The main jihadist group in Syria’s last rebel stronghold of Idlib province vowed Sunday to continue to fight, hours before a deadline for them to leave a buffer zone as set out under a Russian-Turkish deal.
“We have not abandoned our choice of jihad and fighting towards implementing our blessed revolution,” said Hayat Tahrir al-Sham, an alliance led by the jihadists of Al-Qaeda’s former Syrian affiliate.
Its statement came just hours before a midnight deadline for HTS and other jihadists to leave a demilitarised zone planned as part of a deal reached last month between regime ally Russia and rebel backer Turkey.
The accord is only the latest in a string of truces throughout Syria’s seven-year war, which has killed more than 360,000 and displaced millions.
It calls for setting up a horseshoe-shaped buffer zone around the Idlib region, in northwestern Syria, which would be free of heavy arms by October 10 and of “radical fighters” by Sunday at midnight.
But with just hours to go, the Syrian Observatory for Human Rights monitor and an AFP correspondent in Idlib said there was still no sign that they had left.
Deadly mortar rounds fired late Saturday from the planned buffer zone, according to the Britain-based monitor, appeared to indicate the first part of the deal was not fully implemented.
“In a few hours, the buffer zone is supposed to enter into force, but the deal has not yet been implemented,” said Rami Abdel Rahman, head of the Observatory.
Late Saturday, “heavy mortar shells” were fired from the planned buffer area into regime territory, killing two soldiers, the monitor said.
– Rebel mortar fire –
Rebels and jihadists had reportedly fulfilled the first part of the deal, with Turkish officials, armed factions and the Observatory reporting that the area was free of heavy-duty weaponry.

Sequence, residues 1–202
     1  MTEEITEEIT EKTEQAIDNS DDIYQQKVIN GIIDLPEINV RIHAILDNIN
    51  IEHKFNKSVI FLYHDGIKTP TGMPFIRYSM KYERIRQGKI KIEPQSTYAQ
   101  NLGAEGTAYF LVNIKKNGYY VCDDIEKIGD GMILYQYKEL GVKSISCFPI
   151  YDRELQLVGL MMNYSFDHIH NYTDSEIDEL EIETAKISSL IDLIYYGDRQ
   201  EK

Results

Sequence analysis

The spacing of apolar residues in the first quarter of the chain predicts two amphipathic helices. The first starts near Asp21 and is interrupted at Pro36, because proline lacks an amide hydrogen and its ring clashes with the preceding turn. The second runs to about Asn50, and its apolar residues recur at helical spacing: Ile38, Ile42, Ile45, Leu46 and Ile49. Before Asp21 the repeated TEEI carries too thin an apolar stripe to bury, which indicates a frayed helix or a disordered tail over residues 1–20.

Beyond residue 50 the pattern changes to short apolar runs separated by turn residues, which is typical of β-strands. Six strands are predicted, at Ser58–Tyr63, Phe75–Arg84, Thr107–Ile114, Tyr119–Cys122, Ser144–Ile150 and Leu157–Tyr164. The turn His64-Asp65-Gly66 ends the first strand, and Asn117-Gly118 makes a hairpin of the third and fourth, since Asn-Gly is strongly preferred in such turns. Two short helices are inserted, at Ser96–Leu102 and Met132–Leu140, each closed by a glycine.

But the shells which Saturday hit an army position in Hama province appear to have violated the accord.
“This is the first clear violation of the deal since the heavy weapons were withdrawn. This area is supposed to be clear of heavy weapons, including mortar shells,” Abdel Rahman said.
He said intermittent regime shelling had been hitting the planned buffer for days, but the deal does not require government forces to withdraw any of their weapons.
On Sunday evening, regime shelling hit an area in the west of the planned buffer zone, in the northwest of Hama province, Abdel Rahman said.
Syrian pro-regime daily Al-Watan also reported rebel shelling, saying on Sunday that western parts of Aleppo province were being hit with “rocket fire and shelling with heavy weapons, which were supposed to be pulled out from the area”.
And an AFP correspondent in western Aleppo reported mortar fire in the area after several days of quiet.
The Observatory said it was unclear which groups fired the mortars late Saturday, as both the Turkish-backed National Liberation Front and rival jihadist factions were present in the area.
The NLF — which holds just under half of the Idlib region and has welcomed the accord — did not immediately respond to AFP’s request for comment on the shelling.
– ‘Vast ramifications’ –
The lion’s share of Idlib is held by HTS, as well as more hardline jihadists like Hurras al-Deen and Ansar al-Islam.
Those fighters also control more than two-thirds of the planned buffer zone and are supposed to withdraw by Monday.
Hurras al-Deen has publicly rejected the agreement, although it apparently withdrew its heavy arms from the area last week.
HTS, widely considered the most powerful force in Idlib, had quietly abided by the deal’s first deadline and re-stationed heavy arms elsewhere.
But getting them to agree to the second part of the deal has proven more difficult.
In a recent report for the Turkey-based Omran Center, expert Nawar Oliver described HTS’s approval as the deal’s ultimate “test”.
“If HTS acts as a spoiler to the agreement on the ground, this will probably lead to one of two scenarios: either Turkey and the NLF launch military action against HTS, or Russia will seize the opportunity with the support of the regime and its allies to enter Idlib,” he said.
“The ramifications of that move could be vast,” he added.
Syrian President Bashar al-Assad and other top government officials have warned that the Idlib deal was only a “temporary” measure.
On Friday, residents around Idlib received warning messages on their mobile phones from the Syrian army.
“Get away from the fighters. Their fate is sealed and near,” one said.